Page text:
Other news organisations have actually toned down their critical reporting of the president because of his threats.

ABS-CBN, the country's largest broadcast television network, was threatened with non-renewal of their franchise in 2020. After pressure and intimidation, the owners of The Philippine Daily Inquirer, the country's largest newspaper, were also forced to sell their stakes to a Duterte ally.

False accusations

The main argument the government is using against Rappler is its alleged foreign ownership. Duterte singled out Rappler in his 2017 State of the Nation Address saying the news organisation is fully owned by Americans. This is a lie.

Philippine law states that media firms should be 100 per cent Filipino-owned. The government is targeting Rappler for Philippine Depository Receipts (PDRs) it issued to two foreign investors in 2015 — North Base Media and Omidyar Network.

PDRs are basically financial instruments that are tied to the price of shares of the company but they do not grant ownership. In the words of Ressa, it's like betting on a horse race. Even if you place a huge bet on a horse, you do not have any control over who will become the jockey nor the dietary supplements the horse should have. But if the horse wins, you get your return on investment. (This piece by a Harvard lawyer explains it well.)

The Securities and Exchange Commission approved Rappler's PDRs in 2015. Philippine companies including media giants ABS-CBN and GMA have been using PDRs for decades.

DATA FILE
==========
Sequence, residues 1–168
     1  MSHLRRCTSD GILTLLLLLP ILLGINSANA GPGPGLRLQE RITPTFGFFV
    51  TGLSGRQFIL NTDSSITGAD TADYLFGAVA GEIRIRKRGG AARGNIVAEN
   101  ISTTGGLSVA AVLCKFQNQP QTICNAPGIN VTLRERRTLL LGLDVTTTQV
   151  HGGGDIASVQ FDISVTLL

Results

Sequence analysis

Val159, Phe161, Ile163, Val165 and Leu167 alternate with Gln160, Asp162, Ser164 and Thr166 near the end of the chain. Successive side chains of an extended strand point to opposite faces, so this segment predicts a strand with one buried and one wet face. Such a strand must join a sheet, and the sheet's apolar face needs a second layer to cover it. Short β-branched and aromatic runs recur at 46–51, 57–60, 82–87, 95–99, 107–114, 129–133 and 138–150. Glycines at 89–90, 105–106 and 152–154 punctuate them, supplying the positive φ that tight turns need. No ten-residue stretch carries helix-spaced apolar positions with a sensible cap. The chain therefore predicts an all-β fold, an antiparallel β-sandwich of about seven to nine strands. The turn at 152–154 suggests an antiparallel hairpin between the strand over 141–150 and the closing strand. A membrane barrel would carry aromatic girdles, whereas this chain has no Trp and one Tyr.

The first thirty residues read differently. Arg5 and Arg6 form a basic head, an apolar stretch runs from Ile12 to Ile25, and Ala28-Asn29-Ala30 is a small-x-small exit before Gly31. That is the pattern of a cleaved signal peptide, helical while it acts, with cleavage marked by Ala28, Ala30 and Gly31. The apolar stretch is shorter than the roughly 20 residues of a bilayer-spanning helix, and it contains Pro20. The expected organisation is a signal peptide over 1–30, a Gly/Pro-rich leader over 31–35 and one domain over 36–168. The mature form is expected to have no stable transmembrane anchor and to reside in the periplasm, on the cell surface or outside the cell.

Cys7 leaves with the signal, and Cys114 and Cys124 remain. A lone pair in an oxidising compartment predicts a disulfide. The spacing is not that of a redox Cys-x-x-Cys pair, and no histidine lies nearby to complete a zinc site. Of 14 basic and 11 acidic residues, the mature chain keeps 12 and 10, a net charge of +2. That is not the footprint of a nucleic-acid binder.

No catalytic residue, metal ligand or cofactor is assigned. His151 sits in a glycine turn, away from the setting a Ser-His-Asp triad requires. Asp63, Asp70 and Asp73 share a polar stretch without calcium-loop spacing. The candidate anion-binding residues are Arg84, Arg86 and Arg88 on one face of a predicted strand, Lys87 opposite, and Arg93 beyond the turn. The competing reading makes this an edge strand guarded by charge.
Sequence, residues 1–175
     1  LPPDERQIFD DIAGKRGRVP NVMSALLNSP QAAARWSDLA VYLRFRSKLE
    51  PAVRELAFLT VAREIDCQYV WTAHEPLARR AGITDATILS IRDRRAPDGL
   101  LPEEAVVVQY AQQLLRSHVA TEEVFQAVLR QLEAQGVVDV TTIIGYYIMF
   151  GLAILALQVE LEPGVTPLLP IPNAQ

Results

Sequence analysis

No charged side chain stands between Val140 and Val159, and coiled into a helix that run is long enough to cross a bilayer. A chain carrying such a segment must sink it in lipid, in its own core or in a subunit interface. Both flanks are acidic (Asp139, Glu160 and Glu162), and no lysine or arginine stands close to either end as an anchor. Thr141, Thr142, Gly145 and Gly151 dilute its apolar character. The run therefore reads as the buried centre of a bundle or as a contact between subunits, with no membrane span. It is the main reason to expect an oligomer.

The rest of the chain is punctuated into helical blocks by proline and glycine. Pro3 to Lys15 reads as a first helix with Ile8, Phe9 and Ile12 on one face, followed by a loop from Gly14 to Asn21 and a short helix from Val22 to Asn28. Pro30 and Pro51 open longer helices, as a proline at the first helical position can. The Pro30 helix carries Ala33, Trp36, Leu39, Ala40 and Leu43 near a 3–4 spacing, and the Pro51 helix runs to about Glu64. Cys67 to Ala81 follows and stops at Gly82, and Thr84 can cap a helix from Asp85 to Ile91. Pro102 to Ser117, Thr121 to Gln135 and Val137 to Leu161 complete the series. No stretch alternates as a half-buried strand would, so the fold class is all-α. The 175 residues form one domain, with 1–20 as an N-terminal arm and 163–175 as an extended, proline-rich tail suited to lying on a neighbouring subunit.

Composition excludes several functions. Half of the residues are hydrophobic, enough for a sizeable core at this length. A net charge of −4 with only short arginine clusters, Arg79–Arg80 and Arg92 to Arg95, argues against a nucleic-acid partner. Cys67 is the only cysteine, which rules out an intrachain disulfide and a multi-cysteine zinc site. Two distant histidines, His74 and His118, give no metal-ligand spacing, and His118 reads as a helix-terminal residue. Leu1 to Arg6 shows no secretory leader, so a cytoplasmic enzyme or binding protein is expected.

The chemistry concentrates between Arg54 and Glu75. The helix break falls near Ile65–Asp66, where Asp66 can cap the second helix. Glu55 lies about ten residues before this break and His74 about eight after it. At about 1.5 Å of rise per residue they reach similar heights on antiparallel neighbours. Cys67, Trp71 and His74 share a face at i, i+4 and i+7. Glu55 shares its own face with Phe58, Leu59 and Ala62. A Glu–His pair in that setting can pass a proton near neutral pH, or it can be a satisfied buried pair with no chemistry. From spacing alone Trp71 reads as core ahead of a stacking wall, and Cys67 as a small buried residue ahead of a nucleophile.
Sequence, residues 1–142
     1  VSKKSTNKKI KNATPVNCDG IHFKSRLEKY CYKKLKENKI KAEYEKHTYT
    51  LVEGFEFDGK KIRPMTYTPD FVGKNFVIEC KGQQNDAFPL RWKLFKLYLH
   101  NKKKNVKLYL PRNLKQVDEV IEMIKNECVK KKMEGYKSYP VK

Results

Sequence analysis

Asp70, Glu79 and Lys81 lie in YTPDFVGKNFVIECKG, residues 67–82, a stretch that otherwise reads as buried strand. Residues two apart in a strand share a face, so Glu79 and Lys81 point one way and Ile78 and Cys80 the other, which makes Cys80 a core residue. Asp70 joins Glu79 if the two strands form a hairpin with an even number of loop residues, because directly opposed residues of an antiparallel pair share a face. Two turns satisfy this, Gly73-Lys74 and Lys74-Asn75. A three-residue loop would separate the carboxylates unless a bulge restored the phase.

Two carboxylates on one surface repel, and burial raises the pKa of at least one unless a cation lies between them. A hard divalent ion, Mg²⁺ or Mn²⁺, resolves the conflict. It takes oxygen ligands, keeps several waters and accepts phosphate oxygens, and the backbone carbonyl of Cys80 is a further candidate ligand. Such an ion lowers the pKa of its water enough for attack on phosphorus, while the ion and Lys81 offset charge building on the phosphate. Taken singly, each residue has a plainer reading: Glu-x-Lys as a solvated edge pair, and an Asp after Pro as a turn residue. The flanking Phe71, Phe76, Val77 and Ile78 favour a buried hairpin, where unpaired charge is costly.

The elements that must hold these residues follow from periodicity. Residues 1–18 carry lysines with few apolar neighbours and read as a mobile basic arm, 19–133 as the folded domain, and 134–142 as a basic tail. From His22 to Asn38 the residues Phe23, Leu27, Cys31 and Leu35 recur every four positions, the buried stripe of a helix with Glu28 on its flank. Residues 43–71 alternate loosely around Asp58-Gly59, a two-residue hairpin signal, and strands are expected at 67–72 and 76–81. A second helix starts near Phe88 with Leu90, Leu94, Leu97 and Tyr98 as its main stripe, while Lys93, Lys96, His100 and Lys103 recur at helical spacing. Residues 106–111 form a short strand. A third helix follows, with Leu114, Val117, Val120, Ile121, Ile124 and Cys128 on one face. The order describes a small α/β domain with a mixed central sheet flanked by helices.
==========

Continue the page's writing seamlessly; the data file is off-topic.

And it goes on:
A throwback to Marcos

Who cares if a media organisation with only 100 people is shut down by the Philippine government? The debate is more than that.

Rappler is one of few independent media organisations in the Philippines. It is one of few news agencies that are not afraid of speaking truth to power and exposing government abuses.

Duterte's tactics have been described as Marcosian. From 1965 to 1986, during the darkest days of Philippine history, the dictator Ferdinand Marcos stifled human rights under martial rule. This period started with the jailing of activists and the shutting down of the free press.

The current intimidation of media organisations like Rappler is an encroachment on the freedom of the press by Duterte, who has repeatedly voiced admiration of Marcos.

This is a step towards full authoritarianism in the Philippines.

With the current wave of authoritarianism hitting the globe, it is incumbent upon the media to continue doing its job of holding the government to account. Journalists and newsrooms worldwide need to help each other in fighting for the truth and freedom of expression.

The deadliest country

Ressa has said Rappler will seek legal remedies against the SEC decision and in the meantime, it's business as usual for its journalists. The case may eventually reach the Supreme Court, where Rappler's chances are bleak, given the Court has sided with the Duterte regime on past decisions like burying Marcos in the Heroes Cemetery and using martial law in Mindanao.

But there is hope. Its readers, academic institutions, local civil society organisations, and international NGOs have voiced support for Rappler. Philippine media and some opposition lawmakers have also raised alarm against the government's move. Whether such pressure will influence the Duterte administration's actions, only time will tell.

The Philippines was the deadliest country for journalists in Asia in 2017.

With the Duterte regime's war on freedom of expression, I fear it will only get worse.

David Lozada is a former journalist for Rappler. He is studying for a Master's of Development Studies at The University of Melbourne.